The string section of the National Philharmonic is spotlighted this weekend on Strathmore's stage under the leadership of Piotr Gajewski. Violist Victoria Chiang and National Symphony Orchestra Concert Master Nurit Bar-Josef team up to perform Mozart's "Sinfonia Concertante," one of the gems of the viola repertoire.
"The viola is a real specialty," said Chiang in reference to her instrument of choice in both professional performance and as a faculty member at Baltimore's Peabody Conservatory, where she serves as coordinator of the Viola Department. "There is the sound production and the size of the instrument, [both] very different from the violin. In a musical way, I was much more comfortable playing the inner voices [of the viola] and not being the standout person in charge."
Chiang leaves that honor to Ms. Bar-Josef, who made her solo debut with the NSO in February 2001 and joined the orchestra as the concert master seven months later. Her previous assignments were with the Boston Symphony Orchestra, the Boston Pops and the St. Louis Symphony.
"I'm so looking forward to working with her," Chiang said of her colleague. "I've never even met her and that's crazy, although we've emailed back and forth. It will be a new experience."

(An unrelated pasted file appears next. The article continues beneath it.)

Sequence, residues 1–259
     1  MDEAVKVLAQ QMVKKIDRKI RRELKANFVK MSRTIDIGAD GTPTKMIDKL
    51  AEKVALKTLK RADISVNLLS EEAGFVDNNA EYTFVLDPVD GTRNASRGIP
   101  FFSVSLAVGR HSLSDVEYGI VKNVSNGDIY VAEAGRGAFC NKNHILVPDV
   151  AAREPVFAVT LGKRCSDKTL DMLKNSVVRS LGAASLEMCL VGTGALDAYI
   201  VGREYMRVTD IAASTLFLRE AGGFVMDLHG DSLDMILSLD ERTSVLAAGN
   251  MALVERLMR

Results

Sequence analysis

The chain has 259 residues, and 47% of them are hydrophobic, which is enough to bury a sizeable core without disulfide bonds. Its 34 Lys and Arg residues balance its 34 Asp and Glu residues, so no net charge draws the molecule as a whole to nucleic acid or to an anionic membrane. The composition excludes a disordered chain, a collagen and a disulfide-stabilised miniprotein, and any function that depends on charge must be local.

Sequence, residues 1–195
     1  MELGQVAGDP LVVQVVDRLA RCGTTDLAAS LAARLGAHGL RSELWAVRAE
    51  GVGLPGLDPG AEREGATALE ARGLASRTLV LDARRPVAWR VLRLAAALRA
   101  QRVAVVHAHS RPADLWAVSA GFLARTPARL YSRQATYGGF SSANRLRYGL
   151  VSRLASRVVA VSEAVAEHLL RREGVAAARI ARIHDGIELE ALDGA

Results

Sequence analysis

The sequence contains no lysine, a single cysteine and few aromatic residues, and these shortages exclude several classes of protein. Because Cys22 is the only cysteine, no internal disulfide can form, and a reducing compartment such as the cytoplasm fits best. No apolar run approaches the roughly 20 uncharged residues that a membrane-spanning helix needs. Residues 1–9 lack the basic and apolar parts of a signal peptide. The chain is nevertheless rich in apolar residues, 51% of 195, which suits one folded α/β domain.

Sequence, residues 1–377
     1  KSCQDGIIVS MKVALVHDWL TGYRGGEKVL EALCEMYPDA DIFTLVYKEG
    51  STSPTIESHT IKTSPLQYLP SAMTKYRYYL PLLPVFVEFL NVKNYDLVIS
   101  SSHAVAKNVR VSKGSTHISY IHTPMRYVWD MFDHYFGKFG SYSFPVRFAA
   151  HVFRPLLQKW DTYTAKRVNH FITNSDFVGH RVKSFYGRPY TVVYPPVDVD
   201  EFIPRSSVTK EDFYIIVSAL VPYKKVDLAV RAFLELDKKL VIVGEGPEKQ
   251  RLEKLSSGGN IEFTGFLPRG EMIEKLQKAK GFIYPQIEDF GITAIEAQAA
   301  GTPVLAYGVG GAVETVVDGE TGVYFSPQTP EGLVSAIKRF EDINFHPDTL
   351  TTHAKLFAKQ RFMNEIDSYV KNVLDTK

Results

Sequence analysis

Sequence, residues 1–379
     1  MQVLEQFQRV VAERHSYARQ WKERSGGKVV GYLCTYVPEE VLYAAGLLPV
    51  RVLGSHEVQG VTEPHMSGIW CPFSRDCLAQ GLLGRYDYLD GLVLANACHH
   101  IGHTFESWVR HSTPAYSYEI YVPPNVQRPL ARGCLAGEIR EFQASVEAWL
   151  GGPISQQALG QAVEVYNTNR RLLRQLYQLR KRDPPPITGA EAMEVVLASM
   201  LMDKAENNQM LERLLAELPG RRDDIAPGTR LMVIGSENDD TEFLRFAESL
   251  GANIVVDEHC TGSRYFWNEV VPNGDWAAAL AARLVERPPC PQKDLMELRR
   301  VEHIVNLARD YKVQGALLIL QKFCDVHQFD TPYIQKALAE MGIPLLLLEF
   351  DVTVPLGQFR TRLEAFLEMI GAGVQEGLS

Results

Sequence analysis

|National Philharmonic Orchestra|
|Where: Strathmore, 5301 Tuckerman Lane, North Bethesda|
|When: 8 p.m. Saturday and 3 p.m. Sunday|
|Info: $28 to $81, children 7 to 17 free; 301-581-5100; strathmore.org|
Not so with the "Sinfonia Concertante," a piece Chiang has played many times. She focuses each and every time on the challenges inherent in performing the music of the Austrian master composer.
"Mozart is difficult," she said. "His music requires absolute mastery and simplicity at the same time, and that's extremely difficult to do well. You can tell a great musician from the way they play Mozart. You have to have real ownership of everything -- your technical mastery but also your musical understanding."
The evening’s program opens with Telemann’s “Concerto for Viola,” written around 1716-1721.
“Telemann was extremely prolific,” Chiang noted. “This is possibly the first concerto written for viola. It’s fun and in four movements.”
Closing the first half of the program is Mendelssohn’s “String Symphony No.9.”
As it is a symphony, there are no soloists in this sparkling and animated work that was influenced by the classicist Haydn. Mozart's "Sinfonia Concertante" closes the program and highlights charming exchanges between the orchestra, Bar-Josef and Chiang, who says with the anticipation of dining at a 5-star restaurant, "This is a feast for lovers of string concerti."